1990: GRANVILLE COUNTY. RESIDENT SELLS 9,000 SHARES TO A 48 ACRE PARCEL THAT WAS IN THE HEART OF THE 350 ACRES THE STATE SITED TO BUILD THE INCINERATOR. lst siting proposal. Granville County Attorney, John Pike, bought the 48 acre parcel for $70,000, with money borrowed from the Adams Tobacco Co. The 48-acre parcel was located in the heart of the 350-acre state sited land. Afraid the state would find a way of blocking the selling of shares, Pike got 200 people with NC Warn’s help, within 24 hours, to file their property shares at the courthouse. Later, 9,000 shares were sold at $5 each. Tobacco buyers who came to the area from SE Asian countries, bought shares. The Russian Dance Troupe which came to town bought shares. Many of the shares were bought for grandchildren. Pike reasoned that if the state condemned the land, and if the parents or guardians of the children were unwilling to have the state take the land, the state would have to appoint a guardian to make a decision. The $70,000 loan was paid off in 3 weeks! The rest of the money is in escrow. Plans for the 48-acre parcel are to turn the land into an environmental park or wildlife sanctuary. In either case this land will never be resold in the history of the world as the legal aspects of all of the owners will never be untangled. 2nd siting proposal. The State then offered state land in Granville county, under the control of the Agriculture Department. There are several state institutions within a mile of the proposed site: a correctional institution, psychiatric hospital and a large state facility for severely and profoundly retarded. In order for the state’s Hazardous Waste Management Commission to get access to this state land there had to be a transfer from the Agriculture Department to the Department of Commerce. By NC law, the Council of State had to vote for a transfer of state lands between departments. Billie Elmore of NC Warn prepared an analyses of the regional capacity assurance plans and found that of the five states, there were three times more capacity in place than was needed by industries in the 5 states. Billie charged collusion between EPA, the five states and the waste management industry. In December 1990 the Council of State (which includes the Governor, Lt. Gov., Secretaries of State, Treasury and Commerce; Commissioners of Agriculture, Labor and Insurance, State Superintendent of Public Schools, and the Attorney General) voted 8-2 to deny the transfer of the land. Governor Jim Martin and Lt. Governor Jim Gardner were the two who voted for the transfer. NC Warn’s report was crucial. Granville was now free from the proposal.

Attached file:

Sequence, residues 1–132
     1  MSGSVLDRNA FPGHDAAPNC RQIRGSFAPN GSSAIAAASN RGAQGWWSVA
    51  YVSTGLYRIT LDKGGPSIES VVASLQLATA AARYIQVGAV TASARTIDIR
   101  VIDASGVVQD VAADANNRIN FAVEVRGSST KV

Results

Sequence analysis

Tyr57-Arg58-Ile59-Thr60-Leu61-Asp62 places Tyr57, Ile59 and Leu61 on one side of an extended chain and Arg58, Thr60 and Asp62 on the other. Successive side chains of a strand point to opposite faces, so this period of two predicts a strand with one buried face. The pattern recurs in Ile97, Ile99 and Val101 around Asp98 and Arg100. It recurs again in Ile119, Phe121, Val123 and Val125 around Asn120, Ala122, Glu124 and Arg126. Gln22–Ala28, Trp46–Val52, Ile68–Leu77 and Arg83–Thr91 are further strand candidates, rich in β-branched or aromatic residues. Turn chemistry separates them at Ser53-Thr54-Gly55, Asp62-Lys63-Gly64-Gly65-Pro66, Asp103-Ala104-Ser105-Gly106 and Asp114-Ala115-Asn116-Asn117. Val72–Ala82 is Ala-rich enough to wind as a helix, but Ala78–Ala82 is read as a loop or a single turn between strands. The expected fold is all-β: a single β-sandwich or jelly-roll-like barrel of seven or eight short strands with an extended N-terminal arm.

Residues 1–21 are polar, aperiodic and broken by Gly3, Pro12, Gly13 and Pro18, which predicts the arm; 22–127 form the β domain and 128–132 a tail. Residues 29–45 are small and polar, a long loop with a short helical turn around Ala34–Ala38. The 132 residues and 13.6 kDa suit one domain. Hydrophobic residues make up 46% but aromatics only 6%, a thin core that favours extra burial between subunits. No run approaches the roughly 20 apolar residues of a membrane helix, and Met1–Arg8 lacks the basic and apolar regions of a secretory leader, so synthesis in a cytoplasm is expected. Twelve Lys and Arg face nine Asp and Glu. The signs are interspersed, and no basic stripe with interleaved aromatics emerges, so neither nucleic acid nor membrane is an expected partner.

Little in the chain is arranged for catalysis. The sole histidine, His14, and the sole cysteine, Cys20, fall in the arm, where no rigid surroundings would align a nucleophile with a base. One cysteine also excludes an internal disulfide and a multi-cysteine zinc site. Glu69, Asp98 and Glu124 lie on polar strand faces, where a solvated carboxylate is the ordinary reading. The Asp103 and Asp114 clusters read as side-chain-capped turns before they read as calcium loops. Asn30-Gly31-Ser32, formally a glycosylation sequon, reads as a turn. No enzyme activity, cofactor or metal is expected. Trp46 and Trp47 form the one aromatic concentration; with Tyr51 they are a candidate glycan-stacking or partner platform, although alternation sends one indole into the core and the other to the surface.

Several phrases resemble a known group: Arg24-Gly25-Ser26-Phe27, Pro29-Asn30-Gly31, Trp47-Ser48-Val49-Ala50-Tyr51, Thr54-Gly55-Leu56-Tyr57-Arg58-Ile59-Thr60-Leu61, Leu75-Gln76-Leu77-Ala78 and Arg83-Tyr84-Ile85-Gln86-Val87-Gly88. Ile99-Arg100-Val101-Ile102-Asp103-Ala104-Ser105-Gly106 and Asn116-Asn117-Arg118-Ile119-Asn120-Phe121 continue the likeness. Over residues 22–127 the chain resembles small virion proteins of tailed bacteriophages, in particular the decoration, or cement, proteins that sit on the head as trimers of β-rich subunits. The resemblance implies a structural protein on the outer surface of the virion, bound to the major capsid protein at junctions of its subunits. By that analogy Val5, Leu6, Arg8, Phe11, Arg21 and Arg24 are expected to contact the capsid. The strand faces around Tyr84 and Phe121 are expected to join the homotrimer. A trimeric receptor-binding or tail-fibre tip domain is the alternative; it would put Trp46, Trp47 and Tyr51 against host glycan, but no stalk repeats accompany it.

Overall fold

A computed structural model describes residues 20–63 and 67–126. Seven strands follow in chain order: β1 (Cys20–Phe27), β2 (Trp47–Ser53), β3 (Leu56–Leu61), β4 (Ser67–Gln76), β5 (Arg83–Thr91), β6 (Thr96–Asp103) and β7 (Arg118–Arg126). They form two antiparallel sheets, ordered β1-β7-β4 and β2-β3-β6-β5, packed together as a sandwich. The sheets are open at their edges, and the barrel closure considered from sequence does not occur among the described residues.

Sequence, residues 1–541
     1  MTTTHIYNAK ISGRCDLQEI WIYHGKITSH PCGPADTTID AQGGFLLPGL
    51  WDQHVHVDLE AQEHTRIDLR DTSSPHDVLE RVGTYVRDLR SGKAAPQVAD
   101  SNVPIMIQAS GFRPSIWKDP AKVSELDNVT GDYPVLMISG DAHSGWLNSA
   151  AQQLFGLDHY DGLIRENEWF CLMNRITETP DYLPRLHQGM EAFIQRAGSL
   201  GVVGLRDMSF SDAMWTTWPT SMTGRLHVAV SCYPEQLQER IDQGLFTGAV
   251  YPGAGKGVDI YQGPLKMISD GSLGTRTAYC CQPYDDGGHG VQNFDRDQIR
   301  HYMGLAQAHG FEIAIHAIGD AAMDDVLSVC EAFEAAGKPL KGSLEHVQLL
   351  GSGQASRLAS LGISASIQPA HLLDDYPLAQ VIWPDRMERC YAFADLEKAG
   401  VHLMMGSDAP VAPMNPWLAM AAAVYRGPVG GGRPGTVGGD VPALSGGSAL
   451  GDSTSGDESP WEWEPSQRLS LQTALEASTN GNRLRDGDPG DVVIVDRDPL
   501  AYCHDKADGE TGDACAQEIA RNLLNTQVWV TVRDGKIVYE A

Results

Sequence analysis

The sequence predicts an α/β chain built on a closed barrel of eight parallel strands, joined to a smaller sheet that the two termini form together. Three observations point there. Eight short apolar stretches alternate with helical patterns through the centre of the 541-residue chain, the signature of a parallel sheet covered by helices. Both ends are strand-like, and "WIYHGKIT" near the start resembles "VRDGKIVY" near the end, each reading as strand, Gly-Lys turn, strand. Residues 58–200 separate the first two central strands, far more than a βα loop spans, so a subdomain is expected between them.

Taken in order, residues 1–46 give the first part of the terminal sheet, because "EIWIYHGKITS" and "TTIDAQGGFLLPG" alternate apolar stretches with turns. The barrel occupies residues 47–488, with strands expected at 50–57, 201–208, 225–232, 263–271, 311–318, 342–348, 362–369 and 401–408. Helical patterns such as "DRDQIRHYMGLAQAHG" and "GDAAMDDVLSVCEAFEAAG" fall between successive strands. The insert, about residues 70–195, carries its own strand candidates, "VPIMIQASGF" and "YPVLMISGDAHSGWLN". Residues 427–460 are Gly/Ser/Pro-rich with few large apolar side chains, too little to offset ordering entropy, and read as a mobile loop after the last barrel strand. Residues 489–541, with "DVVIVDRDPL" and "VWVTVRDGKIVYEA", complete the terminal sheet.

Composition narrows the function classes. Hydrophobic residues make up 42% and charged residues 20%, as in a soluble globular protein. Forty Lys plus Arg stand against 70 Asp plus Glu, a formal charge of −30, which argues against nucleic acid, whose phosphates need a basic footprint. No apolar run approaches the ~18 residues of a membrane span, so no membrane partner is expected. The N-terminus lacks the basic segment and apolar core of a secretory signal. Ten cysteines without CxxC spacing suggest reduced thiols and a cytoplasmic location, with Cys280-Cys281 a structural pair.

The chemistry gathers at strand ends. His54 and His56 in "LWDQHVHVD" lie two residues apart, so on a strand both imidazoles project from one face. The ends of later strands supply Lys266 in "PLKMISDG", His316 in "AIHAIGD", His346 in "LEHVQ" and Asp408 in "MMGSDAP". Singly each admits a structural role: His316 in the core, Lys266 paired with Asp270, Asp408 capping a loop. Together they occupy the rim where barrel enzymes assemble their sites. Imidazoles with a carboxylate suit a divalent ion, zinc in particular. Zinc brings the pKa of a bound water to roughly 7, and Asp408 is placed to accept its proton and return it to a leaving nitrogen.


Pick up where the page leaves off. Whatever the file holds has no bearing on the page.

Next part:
1990: ROWAN & IREDELL COUNTIES - RAISED OVER 1/3 MILLION DOLLARS IN THEIR FIGHT. 5,000 PEOPLE JOINED THE PARADE AGAINST THE INCINERATOR. The County Commissioners, Chamber of Commerce, Medical Society, District Attorneys, blue collar workers and farmers were solidly united to oppose the hazardous waste incinerator. Rowan and Iredell are the major dairy counties in NC. 67 dairy farms are within a 10-mile radius of the proposed incinerator site. The total milk produced in 1989 from these farms was 109,007,000 pounds at a value of $16,821,000. The milk from these farms is sold in NC, SC, VA, TN and GA. The Rowan Iredell Citizens for a Clean Environment (RICCE) opened an office in Statesville and worked endless hours manning telephones, printing T-shirts, planning meetings, talks and debates; running full page ads and distributing educational information. RICCE raised $1/3 million to stop the incinerator. Dr. Mark Guerra, the local doctor for Lenoir, Caldwell County, spoke to the medical community in Statesville to inform them of the health problems his community suffered from the notorious Caldwell Systems hazardous waste incinerator (See Waste Not #163). Residents who lived near the ThermalKEM haz. waste incinerator in Rock Hill, SC, came up to Iredell County to tell what it was like to live next to a haz. waste incinerator as did the residents who lived near Carolina Solite, which burns hazardous waste for fuel. With the combination of total resident and political opposition coupled with 38 lawsuits, the state moved on to find another more willing county.

For more information contact:

Billie Elmore, NC WARN, 5301 Rolling Hill Road, Sanford, NC 27330. Tel: 919-774-9566.

WASTE NOT # 164 A publication of Work on Waste USA, published 48 times a year. Annual rates are: Groups & Non-Profits $50; Students & Seniors $35; Individual $40; Consultants & For-Profits $125; Canadian $US45; Overseas $65. Editors: Ellen & Paul Connett, 82 Judson Street, Canton, NY 13617. Tel: 315-379-9200. Fax: 315-379-0448.